It seems that people have always intuitively understood the therapeutic effects of laughter, and more recently science has been able to explain some of these benefits. The act of laughing increases oxygen flow and circulation while lowering blood pressure. Laughter also balances our emotions. The Mayo Clinic suggests that daily laughter can go a long way in helping cancer patients cope with their illness. Here are a few tips they recommend:
  • Watch a funny movie and laugh out loud.
  • Laugh with friends — go for coffee together, talk a walk, go window shopping.
  • Take time to read the comic section of the paper every day.
  • Play games such as Pictionary, Bingo, Charades, Bowling ... anything that puts you in a situation of humor and fun.
While helping my sister battle non-Hodgkin's lymphoma, I've found that laughter also provides a diversion. It serves as a temporary escape from the rather frightening reality of cancer. I had never really thought of laughter as medicine, but it makes perfect sense. I think I sense a Marx Brothers marathon in our near future...

Saturday, November 6, 2010

Haunted Party Raises Money for The Leukemia & Lymphoma Society

Carol Woods is no stranger to the horrors of cancer. She lost her uncle and brother to the disease. Her 53-year-old brother-in-law is currently battling non-Hodgkin's lymphoma. Frustrated by the devastation brought on by cancer, Carol decided to begin a fund-raising operation for the The Leukemia & Lymphoma Society.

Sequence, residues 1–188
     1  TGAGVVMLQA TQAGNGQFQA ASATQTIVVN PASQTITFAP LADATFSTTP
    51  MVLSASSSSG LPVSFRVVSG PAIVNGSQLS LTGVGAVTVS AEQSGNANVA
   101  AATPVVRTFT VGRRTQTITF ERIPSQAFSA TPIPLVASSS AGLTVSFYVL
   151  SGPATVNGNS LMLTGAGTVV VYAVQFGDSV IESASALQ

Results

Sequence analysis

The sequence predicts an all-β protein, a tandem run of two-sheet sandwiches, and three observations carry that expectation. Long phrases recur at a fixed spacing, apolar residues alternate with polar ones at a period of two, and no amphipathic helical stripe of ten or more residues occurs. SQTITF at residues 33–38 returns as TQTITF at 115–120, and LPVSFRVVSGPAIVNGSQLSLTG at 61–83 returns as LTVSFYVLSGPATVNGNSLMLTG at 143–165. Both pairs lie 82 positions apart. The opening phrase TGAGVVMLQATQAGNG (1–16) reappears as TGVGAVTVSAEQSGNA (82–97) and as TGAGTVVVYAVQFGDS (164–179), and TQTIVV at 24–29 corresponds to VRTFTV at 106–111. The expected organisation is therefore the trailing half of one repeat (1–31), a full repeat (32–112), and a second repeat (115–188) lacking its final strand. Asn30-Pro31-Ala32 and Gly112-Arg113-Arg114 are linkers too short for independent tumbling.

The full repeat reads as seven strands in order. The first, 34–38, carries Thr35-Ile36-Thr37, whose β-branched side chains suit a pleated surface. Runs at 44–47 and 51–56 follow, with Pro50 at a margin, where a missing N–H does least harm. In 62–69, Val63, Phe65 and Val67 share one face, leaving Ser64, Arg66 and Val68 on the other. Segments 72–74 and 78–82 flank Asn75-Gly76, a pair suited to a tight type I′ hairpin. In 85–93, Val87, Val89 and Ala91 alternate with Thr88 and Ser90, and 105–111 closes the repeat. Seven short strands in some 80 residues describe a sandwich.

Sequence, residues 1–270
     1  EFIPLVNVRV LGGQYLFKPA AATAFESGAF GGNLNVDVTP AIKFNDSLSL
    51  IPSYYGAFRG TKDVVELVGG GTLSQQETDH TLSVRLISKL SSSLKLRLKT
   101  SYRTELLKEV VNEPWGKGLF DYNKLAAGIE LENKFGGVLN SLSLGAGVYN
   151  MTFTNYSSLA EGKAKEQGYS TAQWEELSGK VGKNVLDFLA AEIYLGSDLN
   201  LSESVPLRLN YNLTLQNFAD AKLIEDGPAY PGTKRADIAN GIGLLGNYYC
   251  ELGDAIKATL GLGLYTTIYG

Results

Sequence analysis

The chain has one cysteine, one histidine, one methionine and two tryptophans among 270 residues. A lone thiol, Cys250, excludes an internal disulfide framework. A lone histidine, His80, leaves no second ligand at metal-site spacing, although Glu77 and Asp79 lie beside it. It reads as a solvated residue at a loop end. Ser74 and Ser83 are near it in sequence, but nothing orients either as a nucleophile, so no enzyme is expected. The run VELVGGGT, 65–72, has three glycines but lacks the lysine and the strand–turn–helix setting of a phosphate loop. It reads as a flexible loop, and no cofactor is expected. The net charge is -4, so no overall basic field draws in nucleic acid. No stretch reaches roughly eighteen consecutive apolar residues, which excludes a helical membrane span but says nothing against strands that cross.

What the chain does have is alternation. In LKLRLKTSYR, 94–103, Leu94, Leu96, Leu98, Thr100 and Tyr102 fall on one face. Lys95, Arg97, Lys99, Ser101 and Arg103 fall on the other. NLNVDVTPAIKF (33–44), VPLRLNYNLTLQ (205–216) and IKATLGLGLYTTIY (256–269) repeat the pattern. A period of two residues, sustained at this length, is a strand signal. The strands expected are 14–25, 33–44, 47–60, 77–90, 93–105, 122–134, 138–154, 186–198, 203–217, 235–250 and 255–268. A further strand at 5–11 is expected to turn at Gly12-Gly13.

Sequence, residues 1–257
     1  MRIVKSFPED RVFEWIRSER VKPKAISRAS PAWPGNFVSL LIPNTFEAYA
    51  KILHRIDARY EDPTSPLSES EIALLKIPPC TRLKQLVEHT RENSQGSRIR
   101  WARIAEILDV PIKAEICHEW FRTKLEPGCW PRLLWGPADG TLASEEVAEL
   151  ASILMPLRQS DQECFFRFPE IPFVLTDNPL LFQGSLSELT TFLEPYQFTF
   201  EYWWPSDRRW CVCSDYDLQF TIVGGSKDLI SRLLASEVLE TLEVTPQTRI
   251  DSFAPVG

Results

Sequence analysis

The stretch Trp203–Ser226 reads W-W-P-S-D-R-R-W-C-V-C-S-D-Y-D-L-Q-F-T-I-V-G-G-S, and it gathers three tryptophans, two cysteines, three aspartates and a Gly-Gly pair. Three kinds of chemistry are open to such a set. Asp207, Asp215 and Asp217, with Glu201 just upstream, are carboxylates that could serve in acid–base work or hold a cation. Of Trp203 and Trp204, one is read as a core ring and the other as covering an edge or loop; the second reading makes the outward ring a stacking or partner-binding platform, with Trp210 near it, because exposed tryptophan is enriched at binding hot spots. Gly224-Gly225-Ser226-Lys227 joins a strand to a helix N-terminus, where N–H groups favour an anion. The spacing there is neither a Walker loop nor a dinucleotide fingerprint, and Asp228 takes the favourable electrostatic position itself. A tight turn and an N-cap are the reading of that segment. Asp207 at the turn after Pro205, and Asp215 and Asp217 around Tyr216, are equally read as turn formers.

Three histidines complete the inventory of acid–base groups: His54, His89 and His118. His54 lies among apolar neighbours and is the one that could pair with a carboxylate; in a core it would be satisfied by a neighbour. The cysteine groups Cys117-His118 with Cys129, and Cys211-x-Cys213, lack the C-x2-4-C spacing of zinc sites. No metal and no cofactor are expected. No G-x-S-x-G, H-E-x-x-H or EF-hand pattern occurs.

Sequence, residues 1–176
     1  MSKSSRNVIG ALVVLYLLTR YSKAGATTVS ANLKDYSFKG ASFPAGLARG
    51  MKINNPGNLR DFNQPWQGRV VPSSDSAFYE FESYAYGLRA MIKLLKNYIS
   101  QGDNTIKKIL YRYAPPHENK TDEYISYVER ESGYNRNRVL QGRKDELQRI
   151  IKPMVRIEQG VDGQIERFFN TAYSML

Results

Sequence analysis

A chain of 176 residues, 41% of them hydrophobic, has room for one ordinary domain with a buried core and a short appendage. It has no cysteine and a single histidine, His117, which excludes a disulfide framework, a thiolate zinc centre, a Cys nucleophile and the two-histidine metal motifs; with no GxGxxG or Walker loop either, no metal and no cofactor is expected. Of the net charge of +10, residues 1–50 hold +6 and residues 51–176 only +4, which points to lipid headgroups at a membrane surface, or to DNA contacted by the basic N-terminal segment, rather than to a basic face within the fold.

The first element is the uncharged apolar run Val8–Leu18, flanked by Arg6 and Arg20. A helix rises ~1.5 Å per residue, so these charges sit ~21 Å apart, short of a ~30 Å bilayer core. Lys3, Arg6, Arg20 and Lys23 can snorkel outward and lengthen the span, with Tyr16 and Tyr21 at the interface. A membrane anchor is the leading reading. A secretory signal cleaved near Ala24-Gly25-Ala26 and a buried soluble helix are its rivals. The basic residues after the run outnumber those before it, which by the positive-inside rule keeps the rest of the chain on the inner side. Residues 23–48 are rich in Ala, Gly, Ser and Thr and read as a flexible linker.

Instead of organizing a marathon or a bake sale, Carol decided to go for something a little bit spookier: a haunted costume party. On October 23, she held the 5th annual haunted costume ball for cancer research, complete with a costume contest, raffles and live music. Now that's celebrating the Halloween season with a healthy dose of activism! To view photos of this event, click here.

Friday, November 5, 2010

Intoducing Chemo Babe, the Larger Than Life Super Heroine Combating Villainous Cancer

Chemo Babe is not your ordinary cancer patient. She's bold. She's bald. She'll don a corset and whip to fulfull her identity as a malignancy-fighting super heroine! This larger than life persona belongs to a breast cancer patient who considers herself a social scientist, intrigued by the complex relationships cancer victims develop with their environments as they battle their disease. According to Chemo Babe's website,